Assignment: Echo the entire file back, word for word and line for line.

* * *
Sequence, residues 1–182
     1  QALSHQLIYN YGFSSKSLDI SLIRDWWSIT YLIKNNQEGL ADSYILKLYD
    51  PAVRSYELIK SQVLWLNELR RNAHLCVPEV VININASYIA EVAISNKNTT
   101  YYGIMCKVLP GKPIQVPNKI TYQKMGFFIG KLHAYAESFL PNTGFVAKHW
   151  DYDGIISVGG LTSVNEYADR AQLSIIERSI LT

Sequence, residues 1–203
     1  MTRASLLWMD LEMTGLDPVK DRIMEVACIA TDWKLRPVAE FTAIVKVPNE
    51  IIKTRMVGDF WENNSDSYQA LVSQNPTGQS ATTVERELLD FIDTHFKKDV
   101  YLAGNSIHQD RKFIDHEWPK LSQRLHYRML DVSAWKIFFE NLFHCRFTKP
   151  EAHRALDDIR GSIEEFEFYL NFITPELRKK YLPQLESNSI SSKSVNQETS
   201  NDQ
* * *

Sequence, residues 1–182
     1  QALSHQLIYN YGFSSKSLDI SLIRDWWSIT YLIKNNQEGL ADSYILKLYD
    51  PAVRSYELIK SQVLWLNELR RNAHLCVPEV VININASYIA EVAISNKNTT
   101  YYGIMCKVLP GKPIQVPNKI TYQKMGFFIG KLHAYAESFL PNTGFVAKHW
   151  DYDGIISVGG LTSVNEYADR AQLSIIERSI LT

Sequence, residues 1–203
     1  MTRASLLWMD LEMTGLDPVK DRIMEVACIA TDWKLRPVAE FTAIVKVPNE
    51  IIKTRMVGDF WENNSDSYQA LVSQNPTGQS ATTVERELLD FIDTHFKKDV
   101  YLAGNSIHQD RKFIDHEWPK LSQRLHYRML DVSAWKIFFE NLFHCRFTKP
   151  EAHRALDDIR GSIEEFEFYL NFITPELRKK YLPQLESNSI SSKSVNQETS
   201  NDQ